- There is no need to create a lookup/dimension table just for the sake of it. If your sales table has customer name and you don’t care about anything else about the customer (eg city, state etc), then there is no need to create a lookup table just for the sake of creating a star schema. If you have 2 or more columns relating to the same object in your data table, then it is time to consider a lookup table.
You Should Prefer Long and Narrow Tables
- Short wide tables are generally bad for Power Pivot but long narrow tables are great.
There are 2 main reasons why loading data this way is a good idea.
- Power Pivot is a column store database. It uses advanced compression techniques to store the data efficiently so it takes up less space and so it is fast to access the data when needed. Simplistically speaking, long narrow tables compress better than short wide tables.
- Power Pivot is designed to quickly and easily filter your data. It is much easier/better to write one formula to add up a single column and then filter on an attribute column (such as month name in the green table above) than it is to write many different measures to add up each column separately.
Only Load the Data You Need
- Load all the data you need, and nothing you don’t need.
If you have data (particularly in extra columns) you don’t need loaded, then don’t load it. Loading data you don’t need will make your workbooks bigger and slower than they need to be. In the old world of Excel we all used to ask IT to “give me everything” because it was too hard to go back and add the missing columns of data later. This is no longer the case – it is very easy to change your data load query to add in a column you are missing. So bring in all of what you need and nothing you don’t. If you need something else later, then go and get it later. It is even advisable to use a tool like PP Utilities to show you which columns are not in use so you can delete them. Focus mainly on your large data tables – the lookup/dimension tables tend to be smaller and hence are generally less of an issue (not always).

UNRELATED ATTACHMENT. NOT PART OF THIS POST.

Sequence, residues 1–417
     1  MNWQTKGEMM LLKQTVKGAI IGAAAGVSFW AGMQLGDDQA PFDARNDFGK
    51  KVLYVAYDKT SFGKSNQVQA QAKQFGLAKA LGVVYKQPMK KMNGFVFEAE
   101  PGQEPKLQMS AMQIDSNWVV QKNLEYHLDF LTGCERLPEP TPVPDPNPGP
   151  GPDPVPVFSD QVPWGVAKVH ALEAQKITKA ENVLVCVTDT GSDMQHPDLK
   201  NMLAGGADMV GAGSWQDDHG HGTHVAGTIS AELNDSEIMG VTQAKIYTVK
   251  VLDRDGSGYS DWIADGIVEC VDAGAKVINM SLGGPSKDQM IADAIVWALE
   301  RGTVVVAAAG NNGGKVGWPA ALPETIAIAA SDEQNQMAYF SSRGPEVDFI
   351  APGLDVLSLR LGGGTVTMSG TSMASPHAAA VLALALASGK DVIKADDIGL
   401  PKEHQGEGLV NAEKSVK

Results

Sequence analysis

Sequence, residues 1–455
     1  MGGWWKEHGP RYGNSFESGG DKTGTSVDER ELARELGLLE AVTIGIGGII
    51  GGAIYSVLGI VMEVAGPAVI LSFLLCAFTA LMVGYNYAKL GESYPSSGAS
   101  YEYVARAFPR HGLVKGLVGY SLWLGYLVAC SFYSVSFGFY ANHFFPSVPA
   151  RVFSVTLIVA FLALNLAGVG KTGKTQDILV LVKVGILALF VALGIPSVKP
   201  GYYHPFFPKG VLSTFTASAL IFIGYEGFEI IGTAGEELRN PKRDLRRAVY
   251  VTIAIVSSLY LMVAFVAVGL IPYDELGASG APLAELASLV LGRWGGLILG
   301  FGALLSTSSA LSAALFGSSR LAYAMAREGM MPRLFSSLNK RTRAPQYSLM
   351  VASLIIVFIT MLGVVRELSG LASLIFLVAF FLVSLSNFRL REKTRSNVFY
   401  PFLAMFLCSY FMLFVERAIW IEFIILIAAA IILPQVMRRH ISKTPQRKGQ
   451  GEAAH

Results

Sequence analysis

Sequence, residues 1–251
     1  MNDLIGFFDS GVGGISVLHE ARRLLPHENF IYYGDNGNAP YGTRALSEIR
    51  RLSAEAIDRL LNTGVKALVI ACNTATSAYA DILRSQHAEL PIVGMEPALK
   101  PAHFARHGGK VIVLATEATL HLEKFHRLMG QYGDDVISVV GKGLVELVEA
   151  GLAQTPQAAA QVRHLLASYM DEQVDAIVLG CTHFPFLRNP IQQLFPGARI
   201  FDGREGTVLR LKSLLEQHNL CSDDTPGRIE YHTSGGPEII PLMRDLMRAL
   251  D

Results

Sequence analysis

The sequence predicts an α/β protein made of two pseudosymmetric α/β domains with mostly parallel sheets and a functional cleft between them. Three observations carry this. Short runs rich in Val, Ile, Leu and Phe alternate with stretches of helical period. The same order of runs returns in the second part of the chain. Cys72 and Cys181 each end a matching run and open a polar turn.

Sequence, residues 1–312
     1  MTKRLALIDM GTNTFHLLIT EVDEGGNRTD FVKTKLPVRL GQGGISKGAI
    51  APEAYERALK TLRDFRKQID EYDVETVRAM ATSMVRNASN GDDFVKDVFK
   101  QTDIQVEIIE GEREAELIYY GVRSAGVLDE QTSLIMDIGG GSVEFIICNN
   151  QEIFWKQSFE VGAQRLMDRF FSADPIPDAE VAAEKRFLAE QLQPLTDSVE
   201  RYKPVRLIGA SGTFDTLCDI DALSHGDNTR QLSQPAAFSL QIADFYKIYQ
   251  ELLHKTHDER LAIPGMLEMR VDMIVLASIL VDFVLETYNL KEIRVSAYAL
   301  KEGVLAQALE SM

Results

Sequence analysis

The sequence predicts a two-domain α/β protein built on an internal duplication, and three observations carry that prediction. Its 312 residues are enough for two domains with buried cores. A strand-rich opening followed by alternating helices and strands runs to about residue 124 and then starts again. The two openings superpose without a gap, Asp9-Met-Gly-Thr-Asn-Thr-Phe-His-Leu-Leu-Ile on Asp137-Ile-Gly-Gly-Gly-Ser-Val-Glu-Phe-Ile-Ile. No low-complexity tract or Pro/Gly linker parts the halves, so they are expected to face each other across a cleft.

Don’t use Linked Tables
It is possible to add your data to a table in Excel and then use a Linked Table to load it into Power Pivot. You simply select the data, go to the Power Pivot Menu (1 below) and click Add to Data Model (2 below).
The trouble with doing this is that you end up with 2 copies of the data in your workbook. The Excel table is an uncompressed copy and then you also have a compressed copy inside Power Pivot. In the example (shown as 3 above) there are many thousands of rows of data. The uncompressed data can take up 6 – 10 times more space than the equivalent compressed data. If you have a small table with a couple of columns and 10 or 20 rows then it is fine. However if you have anything more than that you are better to have 1 workbook for your data and then import the table directly into Power Pivot without storing it in Excel at all.
If you want a comprehensive lesson on how to use Power Query, checkout my training course here https://exceleratorbi.com.au/product/power-query-excel-power-bi-online-training/
Avoid Bi-Directional Relationships
- Avoid using the default bi-directional relationships in Power BI unless you need them.
Microsoft introduced bi-directional filter propagation in Power BI (this is currently not available in Excel). This is a good feature for beginners and those that don’t really understand how the plumbing works. But it comes at a cost in that:
- The performance can be negatively affected
- If there is more than 1 data table, there can be circular relationships created (just like in cells in Excel)
I recommend you turn your bi-directional relationships to single direction (double click to change) and only turn them back on if you really need them.
Measures are Better than Calculated Columns
- Wherever possible you should write Measures in Preference to Calculated Columns.